On April 17, Secretary of State, Mike Pompeo, announced the implementation of Title III, thus allowing Cuban-Americans to file lawsuits against Cuban and foreign entities outside of the U.S., a measure that is aimed at preventing Cuba from accessing foreign investment.

Faced with this situation, Diaz-Canel rejected the White House’s aggressiveness and affirmed that his country will not surrender to U.S. demands.

“We Cubans do not surrender, nor do we accept laws about our destinies that are outside the Constitution. In Cuba, we send Cubans. Cuba trusts in its strength and in our dignity,” the Cuban leader said.

The Trump administration has caused unrest and sparked criticism in the international community over the implementation of this act, especially among their allies from the European Union and Canada.

Cuban Workers’ Congress raises its voice amidst U.S. blockade

The Cuban workers expressed their solidarity with the Venezuelan people.

Over 1,200 Cubans participated in the 21st Congress of the Cuban Workers Confederation (CTC), which was inaugurated in Havana Saturday. Delegations from 30 organizations from Latin America, Europe, Asia and Africa also joined the Congress as an act of solidarity with the Cuban workers.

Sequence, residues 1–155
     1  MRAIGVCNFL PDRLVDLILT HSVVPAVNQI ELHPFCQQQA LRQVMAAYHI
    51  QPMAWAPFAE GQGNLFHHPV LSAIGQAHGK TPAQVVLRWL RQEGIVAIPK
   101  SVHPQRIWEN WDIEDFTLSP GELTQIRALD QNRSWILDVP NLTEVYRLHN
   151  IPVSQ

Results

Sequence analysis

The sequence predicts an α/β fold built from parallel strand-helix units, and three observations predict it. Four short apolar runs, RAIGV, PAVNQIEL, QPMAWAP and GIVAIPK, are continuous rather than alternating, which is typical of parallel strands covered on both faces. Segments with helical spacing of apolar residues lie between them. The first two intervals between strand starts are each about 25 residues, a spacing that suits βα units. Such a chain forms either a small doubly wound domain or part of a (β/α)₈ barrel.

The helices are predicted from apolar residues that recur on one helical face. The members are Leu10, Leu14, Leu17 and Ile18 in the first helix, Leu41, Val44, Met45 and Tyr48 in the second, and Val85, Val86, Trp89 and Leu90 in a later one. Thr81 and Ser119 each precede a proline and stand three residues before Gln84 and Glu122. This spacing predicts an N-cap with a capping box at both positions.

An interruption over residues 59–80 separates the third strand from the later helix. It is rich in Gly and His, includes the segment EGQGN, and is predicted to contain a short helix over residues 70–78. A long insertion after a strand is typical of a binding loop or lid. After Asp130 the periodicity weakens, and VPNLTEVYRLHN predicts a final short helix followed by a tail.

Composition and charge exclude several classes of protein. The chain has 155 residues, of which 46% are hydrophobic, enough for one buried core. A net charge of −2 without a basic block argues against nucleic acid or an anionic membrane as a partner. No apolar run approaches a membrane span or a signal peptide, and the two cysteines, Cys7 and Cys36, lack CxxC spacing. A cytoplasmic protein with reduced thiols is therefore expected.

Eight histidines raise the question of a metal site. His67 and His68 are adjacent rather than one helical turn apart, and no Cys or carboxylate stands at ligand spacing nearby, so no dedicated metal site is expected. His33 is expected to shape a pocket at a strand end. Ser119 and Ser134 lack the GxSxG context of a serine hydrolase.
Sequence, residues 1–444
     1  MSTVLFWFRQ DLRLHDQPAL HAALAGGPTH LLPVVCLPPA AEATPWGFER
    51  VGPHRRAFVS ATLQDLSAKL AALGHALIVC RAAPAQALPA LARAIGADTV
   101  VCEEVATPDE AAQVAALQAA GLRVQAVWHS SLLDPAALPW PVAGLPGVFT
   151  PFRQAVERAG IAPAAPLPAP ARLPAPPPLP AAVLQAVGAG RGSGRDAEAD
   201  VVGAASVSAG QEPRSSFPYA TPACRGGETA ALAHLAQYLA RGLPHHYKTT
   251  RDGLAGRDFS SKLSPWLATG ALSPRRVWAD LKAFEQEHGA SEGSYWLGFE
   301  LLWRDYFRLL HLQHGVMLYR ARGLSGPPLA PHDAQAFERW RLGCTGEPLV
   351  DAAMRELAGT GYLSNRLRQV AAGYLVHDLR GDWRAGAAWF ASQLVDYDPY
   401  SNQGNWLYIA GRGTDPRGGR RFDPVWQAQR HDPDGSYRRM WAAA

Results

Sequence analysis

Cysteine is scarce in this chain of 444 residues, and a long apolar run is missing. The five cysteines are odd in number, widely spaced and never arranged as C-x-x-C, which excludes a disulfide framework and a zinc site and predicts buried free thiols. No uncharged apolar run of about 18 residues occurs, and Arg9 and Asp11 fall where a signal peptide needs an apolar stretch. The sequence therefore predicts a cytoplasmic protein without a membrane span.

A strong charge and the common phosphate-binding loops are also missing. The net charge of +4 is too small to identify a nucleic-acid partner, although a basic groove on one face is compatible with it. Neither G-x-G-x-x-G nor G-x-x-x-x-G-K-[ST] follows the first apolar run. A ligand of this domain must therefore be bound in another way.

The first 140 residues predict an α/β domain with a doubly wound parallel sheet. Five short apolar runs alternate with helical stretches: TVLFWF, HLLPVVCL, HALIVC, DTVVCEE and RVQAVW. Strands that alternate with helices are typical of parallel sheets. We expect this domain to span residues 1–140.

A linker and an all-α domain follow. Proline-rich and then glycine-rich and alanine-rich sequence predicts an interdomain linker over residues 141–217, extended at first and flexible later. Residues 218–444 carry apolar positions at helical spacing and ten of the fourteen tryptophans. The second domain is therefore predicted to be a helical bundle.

During his speech at the meeting, CTC Secretary General Ulises Guilarte said the CTC has been working on issues related to employment and salary policies, payment systems, collective negotiation agreements and job training.

After highlighting the workers’ contribution to the Cuban development, Guilarte rejected the U.S. actions aimed at intensifying the blockade imposed on his nation almost 60 years ago.

He summoned the working class to a greater involvement in the country’s battle for its economic sustainability.

Mexico, China, and Russia all say they will fight Trump’s latest interventionist move in Latin America. The European Union and Canadian officials released a joint statement last week calling the “extraterritorial application of unilateral Cuba-related measures contrary to international law.”

At their congress, Cuban workers expressed their solidarity with the Venezuelan people and its President Nicolas Maduro, who has been facing the continual attacks from right-wing governments in the region in the form of attacks on the country’s electrical system and crippling U.S. sanctions.

Guilarte pointed out that the ‘First of May’ parade will be the best scenario to denounce U.S. policies against Cuba and Venezuela, what he called “criminal actions” not backed by any international law.

Those gathered at the congress also celebrated the 80th anniversary of the CTC, the Caribbean’s largest workers’ organization. Currently, the union has over 4.5 million members.​​

The congress also remembered late President Fidel Castro’s words regarding the working class and the Cuban Revolution revolution when he spoke at the 1959 congress.

“It is vitally important the working class understands the country’s future is in its hands,” Fidel said to the CTC congress held on Nov. 18, 1959, the year the Cuban Revolution took place. The then head of state asked at the time, “could Cuba’s destiny be in better hands if its workers are its zealous defenders?”